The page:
A Close-Up Look at Presentation of Transthyretin Amyloid Cardiomyopathy With Impaired LV Function

Large cohort study finds widespread LV impairment and details racial and genetic differences


Nearly one-half of patients with transthyretin cardiac amyloidosis (ATTR-CM) in a racially and genetically diverse cohort presented with impaired left ventricular ejection fraction (LVEF), reports a team of Cleveland Clinic cardiologists, and over one-quarter presented with heart failure with reduced ejection fraction (HFrEF).


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“ATTR-CM has traditionally been thought of as a form of heart failure with preserved ejection fraction [HFpEF] and severe diastolic dysfunction despite the fact that patients may present with reduced LVEF, as is made clear by our findings,” says Trejeeve Martyn, MD, first author of the retrospective study, which was published as a research letter in JACC: Heart Failure (2022;10:689-691). “This argues for broader diagnostic suspicion for ATTR-CM regardless of a patient’s ejection fraction.”

“We undertook this study to better determine the prevalence and clinical outcomes of patients with ATTR-CM who present with varying degrees of LVEF and to assess for differences by patient race and genotype,” notes the study’s senior author, W.H. Wilson Tang, MD. “We found that African American patients with ATTR-CM were more likely than Caucasian patients to present with HFrEF in both wild-type and hereditary forms of the disease, which is a novel finding.”

Essentials of the study design

The researchers analyzed consecutive adult patients with ATTR-CM enrolled in Cleveland Clinic’s amyloidosis registry from January 2008 through May 2021. ATTR-CM diagnosis was determined through endomyocardial biopsy or 99mTc-pyrophosphate scanning combined with single-photon emission computed tomography. LVEF was adjudicated based on echocardiographic findings closest to the time of diagnosis.

Heart failure phenotypes and outcomes were assessed in terms of patients’ LVEF categories, as follows:

  • HFpEF (i.e., ≥ 50%)
  • HF with mildly reduced EF (HFmrEF) (i.e., 41%-49%)
  • HFrEF (i.e., ≤ 40%)

Patients were further compared according to their self-identified race and their genotype, with assignment into one of four groups:

  • African American wild-type ATTR-CM (wtATTR)
  • African American hereditary ATTR-CM (hATTR)
  • Caucasian wtATTR
  • Caucasian hATTR

The study’s primary endpoint was a composite of death, heart transplant or left ventricular assist device (LVAD) placement. Multivariable logistic regression analysis was used to assess the relationship between HFrEF at presentation and patient features. Survival was assessed over the five years after ATTR-CM diagnosis, both without adjustment and with adjustment for age, sex, race, NT-proBNP, estimated glomerular filtration rate and use of tafamidis.

Key findings

The study cohort’s 585 patients broke down as follows according to LVEF at presentation:

  • 55% had HFpEF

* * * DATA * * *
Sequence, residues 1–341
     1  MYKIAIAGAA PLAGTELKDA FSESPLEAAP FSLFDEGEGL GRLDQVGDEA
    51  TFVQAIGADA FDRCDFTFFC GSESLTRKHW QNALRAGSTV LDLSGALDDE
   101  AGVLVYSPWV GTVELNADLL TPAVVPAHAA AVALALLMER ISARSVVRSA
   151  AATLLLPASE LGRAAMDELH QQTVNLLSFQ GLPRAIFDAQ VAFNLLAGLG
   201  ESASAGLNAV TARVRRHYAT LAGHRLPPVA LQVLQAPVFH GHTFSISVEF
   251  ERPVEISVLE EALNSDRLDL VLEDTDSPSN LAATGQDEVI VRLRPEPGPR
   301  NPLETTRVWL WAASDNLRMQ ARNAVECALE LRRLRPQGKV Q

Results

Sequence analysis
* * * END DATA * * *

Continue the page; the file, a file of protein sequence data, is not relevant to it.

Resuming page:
• 28% had HFrEF
  • 17% had HFmrEF

Multivariable analysis revealed the following factors to be associated with increased odds of HFrEF at enrollment:

  • African American race (adjusted odds ratio [OR] = 2.68; 95% CI, 1.30-5.52; P = 0.007)
  • Male sex (adjusted OR = 2.09; 95% CI, 1.11-4.19; P = 0.007)

African Americans were more likely than Caucasians to have hATTR (72% vs. 9%; P < 0.001), with most being associated with V122I sequence variants. African Americans also were more likely to present with HFrEF (41% vs. 23%; P < 0.001), regardless of genotype.


Across the cohort, 192 composite endpoint events occurred over follow-up, including 21 heart transplants and two LVAD implants. After adjustment for demographic and clinical variables, transplant/LVAD-free survival was significantly worse in patients presenting with HFrEF compared with those presenting with HFpEF (hazard ratio = 2.39; 95% CI, 1.67-3.40; P < 0.001). Adjusted survival did not differ significantly between the HFpEF and HFmrEF groups.

A complex interplay of factors

The study authors note that their report helps characterize ATTR-CM in terms of patients’ presenting LVEF and its relation to patient characteristics and outcomes. “Severely impaired LVEF is an independent prognostic factor in ATTR-CM,” they write.

The authors also point out that the limitations of their study’s single-center nature are somewhat offset by their cohort’s racial and genetic diversity. “This allowed us to establish an apparent increased likelihood of presentation with HFrEF among African American patients,” notes Dr. Martyn.

“This finding, which was independent of genetic subtypes, raises the prospect of more nuanced interactions among genetic variants, comorbidities and health disparities in ATTR-CM than was previously appreciated,” says study co-author Mazen Hanna, MD, Co-Director of Cleveland Clinic’s Amyloidosis Center. “The interplay among these factors is worthy of further study.”


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